It is learnt that Finance Ministry officials highlighted the lack of room for big spending, as is being sought by industry. Global headwinds compound matters further, given the inversion of a key part of the US yield curve for the first time in 12 years, alongside Germany and China reporting weak economic data last week, prompting recession fears.
Why Amazon fires are worrying
Over the last several days, the Amazon rainforest has been burning at a rate that has alarmed environmentalists and governments worldwide. Mostly caused by farmers clearing land, the fires have thrown the spotlight on Brazil President Jair Bolsonaro’s policies and anti-environment stance.
Where are the Amazon fires happening?
Started in the Amazonian rainforests, the fires have impacted populated areas in the north, such as the states of Rondônia and Acre, blocking sunlight and enveloping the region in smoke. The smoke has wafted thousands of miles to the Atlantic coast and São Paulo, according to the World Meteorological Organization.
Brazil’s National Institute for Space Research (INPE) has reported that forest fires in the region have doubled since 2013, and increased by 84% compared to the same period last year. This year alone there have been 72,843 fires, it said, and more than 9,500 of those have happened over the past few days.
How did the Amazon fires start?
The weekly Brasil de fato reported that Bolsonaro’s anti-environment rhetoric has emboldened farmers, who organised a “fire day” along BR-163, a highway that runs through the heart of the rainforest. The
weekly quoted a report by local newspaper Folha do Progresso, that local farmers had set fire to sections of the rainforest a few days ago to get the government’s attention. “We need to show the President that we want to work and the only way is to knock it down. And to form and clear our pastures, it is with fire.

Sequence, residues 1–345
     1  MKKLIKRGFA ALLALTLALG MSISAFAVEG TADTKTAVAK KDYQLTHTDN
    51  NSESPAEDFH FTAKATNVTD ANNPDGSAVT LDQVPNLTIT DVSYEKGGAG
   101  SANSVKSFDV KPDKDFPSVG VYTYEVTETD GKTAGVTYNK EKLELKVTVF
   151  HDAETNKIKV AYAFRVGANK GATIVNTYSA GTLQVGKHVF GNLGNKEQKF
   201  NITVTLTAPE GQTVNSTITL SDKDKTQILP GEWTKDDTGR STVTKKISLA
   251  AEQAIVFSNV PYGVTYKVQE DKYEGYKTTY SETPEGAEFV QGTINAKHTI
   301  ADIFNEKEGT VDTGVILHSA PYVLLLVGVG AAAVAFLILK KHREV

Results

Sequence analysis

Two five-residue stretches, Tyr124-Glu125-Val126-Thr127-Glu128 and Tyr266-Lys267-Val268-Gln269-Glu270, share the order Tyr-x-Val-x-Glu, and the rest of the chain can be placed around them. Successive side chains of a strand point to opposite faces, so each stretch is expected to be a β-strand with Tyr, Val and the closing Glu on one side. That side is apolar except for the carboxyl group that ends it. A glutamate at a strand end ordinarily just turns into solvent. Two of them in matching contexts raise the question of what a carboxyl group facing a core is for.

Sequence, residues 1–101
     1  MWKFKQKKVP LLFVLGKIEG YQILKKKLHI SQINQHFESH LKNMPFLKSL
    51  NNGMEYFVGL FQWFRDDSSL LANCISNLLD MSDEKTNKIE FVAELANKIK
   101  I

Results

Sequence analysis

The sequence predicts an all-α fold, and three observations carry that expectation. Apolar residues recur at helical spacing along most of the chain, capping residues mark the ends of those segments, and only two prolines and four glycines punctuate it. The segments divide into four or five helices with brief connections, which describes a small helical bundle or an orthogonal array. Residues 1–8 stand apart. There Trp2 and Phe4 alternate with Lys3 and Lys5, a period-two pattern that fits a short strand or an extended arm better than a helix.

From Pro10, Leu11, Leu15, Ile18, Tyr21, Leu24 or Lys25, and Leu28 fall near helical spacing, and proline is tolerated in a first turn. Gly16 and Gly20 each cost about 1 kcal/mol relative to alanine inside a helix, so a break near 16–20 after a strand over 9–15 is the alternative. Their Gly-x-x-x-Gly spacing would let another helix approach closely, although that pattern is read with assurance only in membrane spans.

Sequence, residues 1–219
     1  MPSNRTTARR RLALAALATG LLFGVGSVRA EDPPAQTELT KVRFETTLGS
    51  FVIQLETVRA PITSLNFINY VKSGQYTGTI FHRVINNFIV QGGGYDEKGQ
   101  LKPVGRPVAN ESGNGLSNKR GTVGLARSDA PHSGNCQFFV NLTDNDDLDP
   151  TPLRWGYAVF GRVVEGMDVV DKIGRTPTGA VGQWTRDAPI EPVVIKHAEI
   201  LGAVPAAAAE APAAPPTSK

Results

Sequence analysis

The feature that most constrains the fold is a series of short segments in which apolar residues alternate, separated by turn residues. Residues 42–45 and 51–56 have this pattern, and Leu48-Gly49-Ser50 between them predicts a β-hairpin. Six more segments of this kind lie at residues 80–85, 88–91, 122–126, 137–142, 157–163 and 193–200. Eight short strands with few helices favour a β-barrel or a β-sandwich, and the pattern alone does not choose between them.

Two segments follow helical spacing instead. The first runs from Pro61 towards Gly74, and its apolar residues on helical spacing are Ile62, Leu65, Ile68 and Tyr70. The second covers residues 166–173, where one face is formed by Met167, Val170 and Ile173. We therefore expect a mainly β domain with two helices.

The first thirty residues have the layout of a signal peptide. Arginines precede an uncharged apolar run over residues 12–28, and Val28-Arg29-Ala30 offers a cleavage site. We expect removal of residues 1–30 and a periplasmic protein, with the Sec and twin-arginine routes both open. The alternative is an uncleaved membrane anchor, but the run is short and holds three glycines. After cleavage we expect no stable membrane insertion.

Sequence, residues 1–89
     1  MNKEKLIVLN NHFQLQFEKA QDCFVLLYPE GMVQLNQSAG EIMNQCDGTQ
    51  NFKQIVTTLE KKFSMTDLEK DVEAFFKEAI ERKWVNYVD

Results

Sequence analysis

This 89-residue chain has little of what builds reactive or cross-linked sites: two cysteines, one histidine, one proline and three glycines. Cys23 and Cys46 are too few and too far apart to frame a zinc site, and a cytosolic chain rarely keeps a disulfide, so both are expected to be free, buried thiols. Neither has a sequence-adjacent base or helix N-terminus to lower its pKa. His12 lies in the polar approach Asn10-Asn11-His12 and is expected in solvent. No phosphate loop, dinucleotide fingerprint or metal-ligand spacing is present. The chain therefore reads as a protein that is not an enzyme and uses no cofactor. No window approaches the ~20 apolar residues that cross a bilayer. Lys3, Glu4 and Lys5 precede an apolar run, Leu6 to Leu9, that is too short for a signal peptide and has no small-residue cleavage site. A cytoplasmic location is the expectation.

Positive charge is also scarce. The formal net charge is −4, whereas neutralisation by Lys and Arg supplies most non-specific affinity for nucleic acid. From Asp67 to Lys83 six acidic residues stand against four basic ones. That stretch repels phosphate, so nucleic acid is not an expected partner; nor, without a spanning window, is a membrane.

Alberto Setzer, a researcher at INPE, told Reuters that this year, the region did not experience extreme dry weather. “The dry season creates the favourable conditions for the use and spread of fire, but starting a fire is the work of humans, either deliberately or by accident.”
The Amazon fires are so large that they are visible from space. NASA released images on August 11 showing the spread of fires and reported that its satellites had detected heightened fire activity in July and August.
Why are the Amazon fires a cause for concern?
The Amazon rainforest is a repository of rich biodiversity and produces approximately 20 per cent of oxygen in the Earth’s atmosphere. It is also home to indigenous communities whose lives and homelands are under threat due to encroachment by the Brazil government, foreign corporations and governments with economic interests in the resource-rich region, and local farmers.
In a 2017 study, the University of Leeds found that carbon intake by the Amazon basin matches the emissions released by nations in the basin. The burning of forests, therefore, implies additional carbon emissions. Research by scientists Carlos Nobre and Thomas E Lovejoy suggests that further deforestation could lead to the Amazon’s transformation from the world’s largest rainforest to a savanna, which would reverse the region’s ecology.
A National Geographic report said the Amazon rainforest influences the water cycle not only on a regional scale, but also on a global scale. The rain produced by the Amazon travels through the region and even reaches the Andes mountain range.
Moisture from the Atlantic falls on the rainforest, and eventually evaporates back into the atmosphere. The report said the Amazon rainforest has the ability to produce at least half of the rain it receives. This cycle is a delicate balance.
What environmental protections do Brazil’s laws provide, and what has changed in recent times?
Under Brazil’s Forest Code of 1965, farmers could purchase Amazon land but could farm only 20% of it. Following the collapse of the military dictatorship in 1988, a new constitution gave indigenous populations legal ownership of their land and the right to reject development of their land.
In 2012, the Forest Code was revised to reduce the area of deforested land required to be restored, and to reduce penalties for illegal deforesting. In 2018, Brazil’s Supreme Court upheld these changes.
Bolsonaro, who took office in January 2019, had promised during his election campaign that his government would open up the Amazon region for business. The Amazon has large reserves of gold and other minerals.
Along with aggressive policies of promoting agribusiness, Bolsonaro has opposed protections for indigenous tribal land. A few months before he won, The Washington Post reported that Bolsonaro had recommended exploiting the country’s natural resources by tapping into the Amazon basin.
After the victory, he wwas quoted as saying: “Brazil should not sit on its natural reserves because a handful of Indians want to conserve it.”